Manic May

honeyberry flowers birds nest garden farm
Honeyberry (or haskap) blooms provide a much-needed early source of nectar for insects and hummingbirds.

It’s that time of year again.

Everything needs to be done. Yesterday.

Warm weather and sunshine have made everything pop. Believe me, I am not complaining. We are loving the weather here at Bird’s Nest Garden Farm.

It’s hard to believe that less than a month ago things looked like this:

snowy field polka dot hen produce wiarton
Yes, that is one of my main vegetable plots on April 22.  So, less than a month ago we had plenty of heavy snow on the ground.

Now we are full steam ahead on ALL of the projects.

Chickens

The chickens finally left their winter coop, for full-time RV status. Our feathered friends are back to the mobile life, being carted around the field every couple of weeks. Now to figure out why the auto-close door wants to auto-close at the wrong time. And then auto-open once everyone is settled in for bed.

chicken mobile coop polka dot hen produce
The first location for the mobile coop. Chickens are loving the fresh grass.

Plants

Where do I start?

All the vegetable garden beds need prepping.  All the perennial beds need weeding and dividing. All the little seedlings in pots need homes in the soil. Everyone needs water, some times two to three times a day!

The winter rye cover crop on several beds was supposed to winter kill but it didn’t. It is looking super-green and healthy, definitely not dead.

intercropping garlic tomatoes spinach hoop house
Green garlic grows in the space between the young tomato plants. As the tomatoes grow, the garlic and spinach will be harvested.

Inside the hoop, there are a smattering of early crops (spinach, green garlic and kale) fighting for space with the tropicals (tomatoes, eggplants and peppers.) More tropicals need to go in, and more early crops need to come out.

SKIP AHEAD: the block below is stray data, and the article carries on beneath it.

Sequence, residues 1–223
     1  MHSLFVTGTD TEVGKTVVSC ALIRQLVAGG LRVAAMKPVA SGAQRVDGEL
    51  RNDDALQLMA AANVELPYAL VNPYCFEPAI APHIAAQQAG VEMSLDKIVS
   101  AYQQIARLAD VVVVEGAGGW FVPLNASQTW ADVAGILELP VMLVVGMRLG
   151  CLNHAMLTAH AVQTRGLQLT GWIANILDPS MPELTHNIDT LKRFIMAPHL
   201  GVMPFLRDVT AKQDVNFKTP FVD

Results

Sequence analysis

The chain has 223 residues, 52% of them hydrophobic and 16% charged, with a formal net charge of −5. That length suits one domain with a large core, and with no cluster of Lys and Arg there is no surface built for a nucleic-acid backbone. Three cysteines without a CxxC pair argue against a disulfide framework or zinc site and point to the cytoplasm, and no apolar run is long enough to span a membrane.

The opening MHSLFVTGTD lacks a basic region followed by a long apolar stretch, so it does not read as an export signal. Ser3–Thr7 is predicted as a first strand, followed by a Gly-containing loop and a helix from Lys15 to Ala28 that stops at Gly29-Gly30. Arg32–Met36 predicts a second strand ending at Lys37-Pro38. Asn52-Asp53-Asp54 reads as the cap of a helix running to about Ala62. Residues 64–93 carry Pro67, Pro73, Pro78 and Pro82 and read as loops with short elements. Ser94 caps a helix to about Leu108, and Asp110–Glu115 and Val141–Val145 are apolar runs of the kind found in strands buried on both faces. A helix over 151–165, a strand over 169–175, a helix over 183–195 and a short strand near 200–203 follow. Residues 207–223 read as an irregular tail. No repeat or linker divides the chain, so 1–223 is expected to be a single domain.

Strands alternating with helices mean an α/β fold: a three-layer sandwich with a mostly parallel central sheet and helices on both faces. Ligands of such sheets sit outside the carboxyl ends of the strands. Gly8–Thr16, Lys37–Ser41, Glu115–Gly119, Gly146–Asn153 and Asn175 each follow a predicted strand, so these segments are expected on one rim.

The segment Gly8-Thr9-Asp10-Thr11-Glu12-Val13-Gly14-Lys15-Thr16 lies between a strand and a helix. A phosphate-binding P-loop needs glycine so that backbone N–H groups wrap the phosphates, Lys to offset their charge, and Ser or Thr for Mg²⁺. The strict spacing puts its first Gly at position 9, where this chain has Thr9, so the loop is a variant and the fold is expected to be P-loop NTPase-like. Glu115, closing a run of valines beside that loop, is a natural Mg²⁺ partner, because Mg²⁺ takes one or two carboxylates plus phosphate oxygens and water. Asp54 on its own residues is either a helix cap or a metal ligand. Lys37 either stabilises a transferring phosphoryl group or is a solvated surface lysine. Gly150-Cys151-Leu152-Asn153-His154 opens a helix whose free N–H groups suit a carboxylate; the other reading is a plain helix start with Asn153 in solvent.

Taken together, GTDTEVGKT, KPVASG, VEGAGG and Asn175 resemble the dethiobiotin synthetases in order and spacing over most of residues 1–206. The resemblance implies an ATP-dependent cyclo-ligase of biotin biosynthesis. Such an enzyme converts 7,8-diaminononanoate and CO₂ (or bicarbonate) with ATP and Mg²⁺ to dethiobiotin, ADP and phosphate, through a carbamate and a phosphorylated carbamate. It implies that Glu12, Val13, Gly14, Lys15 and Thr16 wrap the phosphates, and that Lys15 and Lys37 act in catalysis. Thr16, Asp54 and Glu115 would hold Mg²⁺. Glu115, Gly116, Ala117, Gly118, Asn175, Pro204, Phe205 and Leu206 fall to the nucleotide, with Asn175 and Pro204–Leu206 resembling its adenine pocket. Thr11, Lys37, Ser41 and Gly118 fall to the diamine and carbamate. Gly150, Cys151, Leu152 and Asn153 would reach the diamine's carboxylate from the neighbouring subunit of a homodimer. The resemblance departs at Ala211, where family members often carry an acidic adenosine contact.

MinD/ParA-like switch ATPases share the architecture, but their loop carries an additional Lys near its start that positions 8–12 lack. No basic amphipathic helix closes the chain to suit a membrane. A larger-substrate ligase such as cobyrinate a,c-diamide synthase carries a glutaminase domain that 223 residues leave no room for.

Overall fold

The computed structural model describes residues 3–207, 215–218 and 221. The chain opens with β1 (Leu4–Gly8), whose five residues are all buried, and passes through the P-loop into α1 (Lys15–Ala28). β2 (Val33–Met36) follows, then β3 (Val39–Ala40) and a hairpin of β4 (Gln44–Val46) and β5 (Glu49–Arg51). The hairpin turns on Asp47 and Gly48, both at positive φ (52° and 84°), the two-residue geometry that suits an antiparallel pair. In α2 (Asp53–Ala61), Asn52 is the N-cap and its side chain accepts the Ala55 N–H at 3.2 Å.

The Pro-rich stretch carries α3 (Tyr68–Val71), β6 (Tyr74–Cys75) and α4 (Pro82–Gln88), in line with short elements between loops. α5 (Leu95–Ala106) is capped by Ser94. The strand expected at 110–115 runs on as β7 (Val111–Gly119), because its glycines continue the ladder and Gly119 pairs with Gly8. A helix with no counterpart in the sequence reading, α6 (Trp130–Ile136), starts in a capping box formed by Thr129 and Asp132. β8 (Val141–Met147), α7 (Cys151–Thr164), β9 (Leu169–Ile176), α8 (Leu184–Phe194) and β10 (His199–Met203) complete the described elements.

Thankfully, the Wiarton Farmers’ Market has started so we don’t need to eat all of those veggies ourselves. My Polka Dot Hen Produce customers had a lovely selection of purple orach, French sorrel, tender kale and green garlic to chose from this week.

Carrots, spinach, beets, kale, radishes, turnips and lettuce are in the ground where that snowy picture was taken. The family pea plot looks to be shaping up.  Happy news, since I totally missed the window for peas last year.

Thankfully, our composting was a great success. We have this beautiful business to add to our beds:

compost polka dot hen produce fresh vegetable
Well composted chicken litter (chicken poo, leaves and wood chips) is just the ticket to get the soil going this year.

 

Sheep

Peter has wanted ruminants on the land since we bought the property. This is the summer we give it a go after many years of research and planning; his, not mine.

Before the sheep arrive, we have scads of fencing to put up. A visit from a black bear last week reinforced this need, although I’m more concerned about keeping out coyotes and stray dogs. Plus we’ll have the added bonus of preventing our dog from wandering off to irritate the local porcupine population.

tractor auger birds nest garden farm
Peter tries out the auger in preparation for installing lots of posts. This area actually has soil, unlike many areas we need to fence.

The lambs also need a shelter, and you guessed it, it’s going to be PORTABLE as well. Well portable, if you have a tractor to pull it. I won’t be schlepping it around the meadow with my bare hands. Did I mention that shelter still needs to be built?

All the Other Stuff

Let’s not forget that the  necessities of daily living such as food preparation, dishes, laundry, dog walking and personal hygiene don’t just disappear. Although, as I don the same soil-covered work clothes over and over, I  find myself hoping no one decides to wander down the driveway and “surprise me.” Phoning first is always recommended at this time of year. If you are really special, I’ll put on a clean T-shirt.

It is a good thing the weather has been fantastic for getting all this work done. I promise we will take time to be thankful for this wonderful place we’ve been allowed to steward.

Here’s hoping we all have a productive and lovely Victoria Day weekend.

 

spring light landscape birds nest garden farm
Glowing spring light on the laneway

 

 

 

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Spring – It Is About Time

daffodil fresh wiarton